Then I did the git-annex assistant kickstarter, and started blogging about each day I worked on it. Four years of funding and seven hundred and twenty one posts later, the git-annex devblog is still going. So, I won't talk about technical details in this post, they've all been covered.
One thing I wondered when starting git-annex -- besides whether I would be able to write it in Haskell at all -- was would that prevent it from getting many patches. I count roughly 65 "thanks" messages in the changelog, so it gets perhaps one patch contributed per month. It's hard to say if that's a lot or a little.
Part of git-annex is supporting various cloud storage systems via "special remotes". Of those not written by me, only 1 was contributed in Haskell. Compare with 13 that use the plugin system that lets other programming languages be used.
The other question about using Haskell is, did it make git-annex a better program. I think it did. The strong type system did prevent plenty of bugs, although there have still been some real howlers. The code is still not taking full advantage of the power of Haskell's type system, on the other hand it uses many Haskell libraries that do leverage the type system more. I've done more small and large refactorings of git-annex than on any other program I've written, because the strong types and referential transparency makes refactoring easier and safer in Haskell.
And the code has turned out to be much more flexible, for all its static types, than the kind of code I was writing before. Examples include building the git-annex assistant, which uses the rest of git-annex as a library, and making git-annex run actions concurrently, thanks to there being no global variables to complicate things (and excellent support for concurrency and parallelism in Haskell).
So: Glad I wrote it, glad I used Haskell for it, estatic that many other people have found it useful, and astounded that I've been funded to work on it for four years.
moreutils is a little love letter to the Unix Tools philosophy.
It was interesting to try to find new tools as basic as
chronic and others, we managed
to find several such tools.
So, it was fun to work on moreutils, but it also ran into inherent problems
with the Unix Tools philosophy. One is namespacing; there are only so many
good short names for commands, and a command like
parallel can easily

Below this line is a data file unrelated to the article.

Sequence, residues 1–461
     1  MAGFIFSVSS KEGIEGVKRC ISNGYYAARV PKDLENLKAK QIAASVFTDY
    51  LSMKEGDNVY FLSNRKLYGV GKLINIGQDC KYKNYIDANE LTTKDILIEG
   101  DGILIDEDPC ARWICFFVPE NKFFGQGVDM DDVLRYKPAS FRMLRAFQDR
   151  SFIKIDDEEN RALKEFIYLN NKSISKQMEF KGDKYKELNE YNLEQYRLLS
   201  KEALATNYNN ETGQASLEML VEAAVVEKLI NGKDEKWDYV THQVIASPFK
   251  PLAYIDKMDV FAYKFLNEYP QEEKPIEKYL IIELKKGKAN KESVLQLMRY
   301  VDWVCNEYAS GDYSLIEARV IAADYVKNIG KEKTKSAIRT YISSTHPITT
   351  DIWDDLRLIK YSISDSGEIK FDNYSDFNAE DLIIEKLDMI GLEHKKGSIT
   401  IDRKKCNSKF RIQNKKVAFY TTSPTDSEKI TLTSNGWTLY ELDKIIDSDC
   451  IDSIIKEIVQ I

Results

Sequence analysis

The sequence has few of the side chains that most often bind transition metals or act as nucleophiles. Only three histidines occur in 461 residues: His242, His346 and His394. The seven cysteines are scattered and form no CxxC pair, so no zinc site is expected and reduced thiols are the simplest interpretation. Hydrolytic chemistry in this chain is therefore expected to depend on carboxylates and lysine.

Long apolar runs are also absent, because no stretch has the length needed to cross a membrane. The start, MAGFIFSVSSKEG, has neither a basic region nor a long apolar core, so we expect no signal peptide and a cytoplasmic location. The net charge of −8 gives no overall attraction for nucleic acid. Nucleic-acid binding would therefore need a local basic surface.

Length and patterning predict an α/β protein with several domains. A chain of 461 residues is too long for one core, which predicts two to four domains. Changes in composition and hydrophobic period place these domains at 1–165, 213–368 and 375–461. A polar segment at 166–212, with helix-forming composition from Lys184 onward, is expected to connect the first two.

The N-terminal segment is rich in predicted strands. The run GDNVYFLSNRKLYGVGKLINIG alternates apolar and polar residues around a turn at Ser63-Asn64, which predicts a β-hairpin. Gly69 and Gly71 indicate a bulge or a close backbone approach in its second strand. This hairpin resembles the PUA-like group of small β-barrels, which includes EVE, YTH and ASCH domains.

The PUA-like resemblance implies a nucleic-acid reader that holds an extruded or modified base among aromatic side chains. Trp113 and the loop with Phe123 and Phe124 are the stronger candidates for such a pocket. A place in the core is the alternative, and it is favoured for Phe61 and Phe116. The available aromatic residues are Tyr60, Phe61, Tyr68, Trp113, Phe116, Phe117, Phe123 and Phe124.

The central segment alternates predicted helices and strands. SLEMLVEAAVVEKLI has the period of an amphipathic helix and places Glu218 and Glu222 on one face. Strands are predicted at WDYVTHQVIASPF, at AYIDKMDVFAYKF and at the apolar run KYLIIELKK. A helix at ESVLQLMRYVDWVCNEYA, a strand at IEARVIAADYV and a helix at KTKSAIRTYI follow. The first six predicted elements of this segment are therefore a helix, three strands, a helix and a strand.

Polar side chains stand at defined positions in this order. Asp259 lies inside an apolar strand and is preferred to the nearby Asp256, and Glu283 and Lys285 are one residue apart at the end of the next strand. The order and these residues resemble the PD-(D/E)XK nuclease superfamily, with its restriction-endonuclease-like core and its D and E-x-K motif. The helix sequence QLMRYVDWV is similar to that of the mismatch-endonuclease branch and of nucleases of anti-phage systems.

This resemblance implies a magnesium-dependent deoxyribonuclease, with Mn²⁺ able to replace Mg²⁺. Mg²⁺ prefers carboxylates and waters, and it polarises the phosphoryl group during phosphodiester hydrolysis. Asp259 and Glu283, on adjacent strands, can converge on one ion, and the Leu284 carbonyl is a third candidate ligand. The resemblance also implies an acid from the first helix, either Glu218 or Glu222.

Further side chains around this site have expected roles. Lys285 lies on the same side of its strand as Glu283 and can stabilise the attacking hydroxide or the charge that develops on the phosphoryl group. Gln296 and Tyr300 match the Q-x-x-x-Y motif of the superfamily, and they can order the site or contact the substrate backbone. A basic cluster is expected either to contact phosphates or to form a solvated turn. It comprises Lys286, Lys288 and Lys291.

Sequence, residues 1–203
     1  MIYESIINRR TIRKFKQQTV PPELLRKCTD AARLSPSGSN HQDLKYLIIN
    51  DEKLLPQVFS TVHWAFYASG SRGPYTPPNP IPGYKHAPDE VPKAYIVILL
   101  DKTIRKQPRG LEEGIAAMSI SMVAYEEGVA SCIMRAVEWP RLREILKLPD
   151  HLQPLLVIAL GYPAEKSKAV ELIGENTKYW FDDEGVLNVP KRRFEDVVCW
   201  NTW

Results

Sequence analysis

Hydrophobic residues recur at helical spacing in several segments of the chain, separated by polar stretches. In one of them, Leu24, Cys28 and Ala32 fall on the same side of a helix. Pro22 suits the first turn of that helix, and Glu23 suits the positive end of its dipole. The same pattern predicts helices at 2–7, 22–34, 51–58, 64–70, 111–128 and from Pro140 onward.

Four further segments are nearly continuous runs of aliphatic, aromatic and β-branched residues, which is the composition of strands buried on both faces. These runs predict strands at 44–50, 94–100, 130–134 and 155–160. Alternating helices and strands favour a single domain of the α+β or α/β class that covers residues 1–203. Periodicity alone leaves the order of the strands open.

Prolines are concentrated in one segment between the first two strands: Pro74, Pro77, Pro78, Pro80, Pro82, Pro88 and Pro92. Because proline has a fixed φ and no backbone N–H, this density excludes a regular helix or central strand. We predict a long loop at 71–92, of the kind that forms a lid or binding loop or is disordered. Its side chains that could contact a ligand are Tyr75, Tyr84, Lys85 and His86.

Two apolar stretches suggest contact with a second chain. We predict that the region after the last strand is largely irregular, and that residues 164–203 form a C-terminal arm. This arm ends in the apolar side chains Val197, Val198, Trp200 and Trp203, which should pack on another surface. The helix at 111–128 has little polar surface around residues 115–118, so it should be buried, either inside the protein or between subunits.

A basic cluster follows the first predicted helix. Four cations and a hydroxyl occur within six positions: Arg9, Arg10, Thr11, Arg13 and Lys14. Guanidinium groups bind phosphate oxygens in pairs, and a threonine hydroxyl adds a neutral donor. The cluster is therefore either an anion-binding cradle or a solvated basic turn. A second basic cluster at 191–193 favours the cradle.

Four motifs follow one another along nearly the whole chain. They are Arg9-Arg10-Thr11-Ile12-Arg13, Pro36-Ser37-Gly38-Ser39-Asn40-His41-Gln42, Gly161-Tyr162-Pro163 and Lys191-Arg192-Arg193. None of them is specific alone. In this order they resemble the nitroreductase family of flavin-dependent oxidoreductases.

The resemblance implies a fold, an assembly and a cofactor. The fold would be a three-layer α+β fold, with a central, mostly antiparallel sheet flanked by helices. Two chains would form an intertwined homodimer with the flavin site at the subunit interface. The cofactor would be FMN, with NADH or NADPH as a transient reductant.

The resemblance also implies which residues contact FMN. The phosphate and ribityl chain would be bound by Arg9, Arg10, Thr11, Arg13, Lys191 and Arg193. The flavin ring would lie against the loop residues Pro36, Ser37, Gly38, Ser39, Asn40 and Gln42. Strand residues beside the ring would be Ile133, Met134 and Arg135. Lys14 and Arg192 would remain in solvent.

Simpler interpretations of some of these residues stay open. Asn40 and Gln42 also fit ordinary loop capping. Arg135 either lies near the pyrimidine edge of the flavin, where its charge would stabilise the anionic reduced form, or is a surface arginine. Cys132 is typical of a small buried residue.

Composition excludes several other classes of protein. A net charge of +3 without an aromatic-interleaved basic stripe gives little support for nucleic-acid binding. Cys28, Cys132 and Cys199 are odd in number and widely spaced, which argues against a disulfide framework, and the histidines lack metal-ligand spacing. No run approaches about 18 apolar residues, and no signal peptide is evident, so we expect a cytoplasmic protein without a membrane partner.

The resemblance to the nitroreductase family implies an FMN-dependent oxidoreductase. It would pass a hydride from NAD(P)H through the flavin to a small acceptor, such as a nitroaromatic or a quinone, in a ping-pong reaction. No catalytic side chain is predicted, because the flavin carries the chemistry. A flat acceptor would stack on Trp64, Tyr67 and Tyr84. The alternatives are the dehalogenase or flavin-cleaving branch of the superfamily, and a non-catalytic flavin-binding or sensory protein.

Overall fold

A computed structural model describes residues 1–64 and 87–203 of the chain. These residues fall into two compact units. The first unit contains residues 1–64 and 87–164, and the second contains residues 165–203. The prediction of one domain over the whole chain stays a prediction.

collide with something else. And since Unix Tools have a bigger surface
area than a pure function, my
parallel is not going to be quite compatible
parallel, even if they were developed with (erm) parallel
Partly due to that problem, I have gotten pickier about adding new tools to moreutils as it's gotten older, and so there's a lot of suggested additions that I will probably never get to.
And as my mention of pure functions suggests, I have kind of moved on from being a big fan of the Unix Tools philosophy. Unix tools are a decent approximation of pure functions for their time, but they are not really pure, and not typed at all, and not usefully namespaced, and this limits them.
[...] a little bit about the reason I wrote pristine-tar in the first place. There were two reasons: 1. I was once in a talk where someone mentioned that Ubuntu had/was developing something that involved regenerating orig tarballs from version control. I asked the obvious question: How could that possibly be done technically? The (slightly hung over) presenter did not have a satesfactory response, so my curiosity was piqued to find a way to do it. (I later heard that Ubuntu has been using pristine-tar..) 2. Sometimes code can be subversive. It can change people's perspective on a topic, nudging discourse in a different direction. It can even point out absurdities in the way things are done. I may or may not have accomplished the subversive part of my goals with pristine-tar. Code can also escape its original intention. Many current uses of pristine-tar fall into that category. So it seems likely that some people will want it to continue to work even if it's met the two goals above already.
For me, the best part of building pristine-tar was finding an answer to the question "How could that possibly be done technically?" It was also pretty cool to be able to use every tarball in Debian as the test suite for pristine-tar.
I'm afraid I kind of left Debian in the lurch when I stopped maintaining pristine-tar.
"Debian has probably hundreds, if not thousands of git repositories using pristine-tar. We all rely now on an unmaintained, orphaned, and buggy piece of software." -- Norbert Preining
So I was relieved when it finally got a new maintainer just recently.
Still, I don't expect I'll ever use pristine-tar again. It's the only software I've built in the past ten years that I can say that about.
While Branchable has not reached the point of providing much income, it's still running after 6 years. Ikiwiki-hosting makes it pretty easy to maintain it, and I host all of my websites there.
A couple of other people have also found ikiwiki-hosting useful, which is not only nice, but led to some big improvements to it. Mostly though, releasing the software behind the business as free software caused us to avoid shortcuts and build things well.
myrepos is kind of just an elaborated
foreach (@myrepos) loop, but
its configuration and extension in a sort of hybrid between an .ini file
and shell script is quite nice and plenty of other people have found it
I had to write myrepos when I switched from subversion to git, because git's submodules are too limited to meet my needs, and I needed a tool to check out and update many repositories, not necessarily all using the same version control system.
It was called "mr" originally, but I renamed the package because it's impossible to google for "mr". This is the only software I've ever renamed.